China Asks Manila to Withdraw Ships from Shoal

By Jim Gomez 18 April 2012

MANILA, Philippines―China asked the Philippines on Tuesday to withdraw a coast guard ship and an archaeological research vessel from a disputed shoal and ignored a Philippine proposal to bring the problem to a UN-linked tribunal for arbitration.

China and the Philippines have agreed to settle the dispute diplomatically but have both insisted on their ownership of Scarborough Shoal, prolonging an eight-day standoff on the high seas. Two Chinese surveillance ships have been facing off with a Philippine coast guard vessel in the area since last week.

Philippine Foreign Secretary Albert del Rosario asked China to bring the dispute to the International Tribunal on the Law of the Sea for arbitration. The Chinese Embassy, however, ignored the proposal on Tuesday and asked the Philippines to withdraw its vessels from the shoal “and restore peace and stability there.”

The horseshoe-shaped shoal is among the barren islands, reefs and coral outcrops in the South China Sea which have been disputed by China, the Philippines and four other nations for their potential oil and gas deposits, rich fishing grounds and proximity to busy commercial sea lanes.

Although claimant countries have pledged to settle the territorial rifts peacefully, the disputes have erupted in violence in the past, including in 1988 when China and Vietnam clashed in the Spratly Islands in a confrontation that killed 64 Vietnamese soldiers. Many fear the disputes could become Asia’s next flash point for armed conflict.

Vietnam held a maritime ceremony on Monday near the area where the incident occurred to remember the dead soldiers, state-controlled media reported.

On Tuesday, the US Embassy in Hanoi announced a five-day naval exchange later this month with Vietnam. No live-fire drills will occur, but the two sides will cooperate in areas such as salvage and disaster training as they have done in recent years.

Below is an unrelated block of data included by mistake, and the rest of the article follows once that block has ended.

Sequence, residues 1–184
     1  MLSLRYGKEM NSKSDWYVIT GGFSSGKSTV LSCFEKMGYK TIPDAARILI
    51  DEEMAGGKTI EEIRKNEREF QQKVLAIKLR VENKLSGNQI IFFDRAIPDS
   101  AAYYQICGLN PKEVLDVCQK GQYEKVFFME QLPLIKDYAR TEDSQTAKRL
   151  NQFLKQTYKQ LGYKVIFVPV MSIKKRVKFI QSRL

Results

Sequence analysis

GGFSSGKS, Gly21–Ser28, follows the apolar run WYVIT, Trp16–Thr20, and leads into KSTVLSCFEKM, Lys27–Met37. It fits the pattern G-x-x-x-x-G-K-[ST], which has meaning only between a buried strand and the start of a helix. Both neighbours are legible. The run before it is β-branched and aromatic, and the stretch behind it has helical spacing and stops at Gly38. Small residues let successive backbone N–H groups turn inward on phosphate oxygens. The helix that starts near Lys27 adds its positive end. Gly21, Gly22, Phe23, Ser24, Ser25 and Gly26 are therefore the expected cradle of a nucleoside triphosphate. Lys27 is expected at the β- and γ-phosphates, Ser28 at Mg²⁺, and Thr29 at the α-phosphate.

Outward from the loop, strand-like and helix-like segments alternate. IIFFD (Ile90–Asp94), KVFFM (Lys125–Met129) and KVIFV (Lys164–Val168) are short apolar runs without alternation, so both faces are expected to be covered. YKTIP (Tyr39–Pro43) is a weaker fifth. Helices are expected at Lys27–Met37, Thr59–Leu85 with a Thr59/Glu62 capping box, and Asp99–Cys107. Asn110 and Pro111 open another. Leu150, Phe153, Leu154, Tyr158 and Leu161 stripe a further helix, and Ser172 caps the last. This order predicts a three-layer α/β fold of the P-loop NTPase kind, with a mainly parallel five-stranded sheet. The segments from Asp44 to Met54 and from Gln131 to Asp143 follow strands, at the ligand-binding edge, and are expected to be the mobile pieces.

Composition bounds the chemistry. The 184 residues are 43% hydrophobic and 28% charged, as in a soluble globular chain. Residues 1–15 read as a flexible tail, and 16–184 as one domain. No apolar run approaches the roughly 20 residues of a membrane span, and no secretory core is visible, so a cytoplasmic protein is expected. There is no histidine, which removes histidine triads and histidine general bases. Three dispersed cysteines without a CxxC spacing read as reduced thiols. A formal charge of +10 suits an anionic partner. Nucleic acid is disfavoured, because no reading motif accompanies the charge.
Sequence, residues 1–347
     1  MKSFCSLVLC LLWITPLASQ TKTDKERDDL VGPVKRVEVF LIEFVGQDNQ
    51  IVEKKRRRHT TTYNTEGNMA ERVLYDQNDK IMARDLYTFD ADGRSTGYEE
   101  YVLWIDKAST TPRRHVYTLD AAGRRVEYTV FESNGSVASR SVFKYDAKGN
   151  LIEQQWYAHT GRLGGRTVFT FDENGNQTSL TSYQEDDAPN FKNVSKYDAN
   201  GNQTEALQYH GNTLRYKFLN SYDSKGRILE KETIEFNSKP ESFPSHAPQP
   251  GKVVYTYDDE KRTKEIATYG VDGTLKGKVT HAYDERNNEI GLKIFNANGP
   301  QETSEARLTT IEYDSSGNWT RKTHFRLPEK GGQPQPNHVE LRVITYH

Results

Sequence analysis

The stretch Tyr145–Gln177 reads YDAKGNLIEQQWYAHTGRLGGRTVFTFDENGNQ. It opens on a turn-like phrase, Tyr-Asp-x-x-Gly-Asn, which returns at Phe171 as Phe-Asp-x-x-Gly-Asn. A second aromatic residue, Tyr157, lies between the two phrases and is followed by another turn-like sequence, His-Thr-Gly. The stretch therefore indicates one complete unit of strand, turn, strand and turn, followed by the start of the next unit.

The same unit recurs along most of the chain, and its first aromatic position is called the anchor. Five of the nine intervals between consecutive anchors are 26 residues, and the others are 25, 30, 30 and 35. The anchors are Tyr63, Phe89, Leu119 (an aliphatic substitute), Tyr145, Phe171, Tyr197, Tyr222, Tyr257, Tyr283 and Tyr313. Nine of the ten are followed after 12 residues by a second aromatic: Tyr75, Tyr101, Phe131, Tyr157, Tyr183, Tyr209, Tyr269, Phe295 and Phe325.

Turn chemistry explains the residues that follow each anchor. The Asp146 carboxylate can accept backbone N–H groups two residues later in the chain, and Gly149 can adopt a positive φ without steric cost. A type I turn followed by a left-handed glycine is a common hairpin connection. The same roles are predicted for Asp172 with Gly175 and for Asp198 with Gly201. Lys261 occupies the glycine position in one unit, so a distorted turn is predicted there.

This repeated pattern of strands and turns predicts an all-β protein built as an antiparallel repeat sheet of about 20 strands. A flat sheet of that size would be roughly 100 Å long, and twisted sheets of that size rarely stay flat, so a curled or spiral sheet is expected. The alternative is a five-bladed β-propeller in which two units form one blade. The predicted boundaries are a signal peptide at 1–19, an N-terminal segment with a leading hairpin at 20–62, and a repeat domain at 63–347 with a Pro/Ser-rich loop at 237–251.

Several rounds of talks have failed to end the impasse at Scarborough, which began April 10 when two Chinese ships prevented a Philippine warship from arresting several Chinese fishermen who were accused of illegal entry and poaching. The fishermen slipped away from the shoal over the weekend, angering Filipino officials.

The Philippines lodged another protest with China on Monday, accusing one of the Chinese ships and an aircraft of harassing a Philippine-registered yacht to force it to leave the Scarborough area. Several French and Filipinos were on the yacht, which has been conducting archaeological research in the shoal, Philippine Foreign Affairs spokesman Raul Hernandez said.

The Philippines says the uninhabited shoal, which it calls Panatag, lies 143 miles from its Zambales province and is well within the country’s 230-mile exclusive economic zone that is recognized under the UN Convention on the Law of the Sea (UNCLOS). China’s nearest territory to the shoal, Hainan province, is 542 miles away, Filipino officials say.

Chinese Embassy spokesman Zhang Hua acknowledged the UNCLOS allows countries to claim such exclusive economic zones but said they could not exercise sovereignty on areas within those waters that are owned by other countries. An ancient Chinese shipwreck can be found off Scarborough, which China calls Huangyan, but the Philippine research ship has no right to salvage it, Zhang said.

“We urge the archaeological vessel leave the area immediately,” Zhang said in a statement.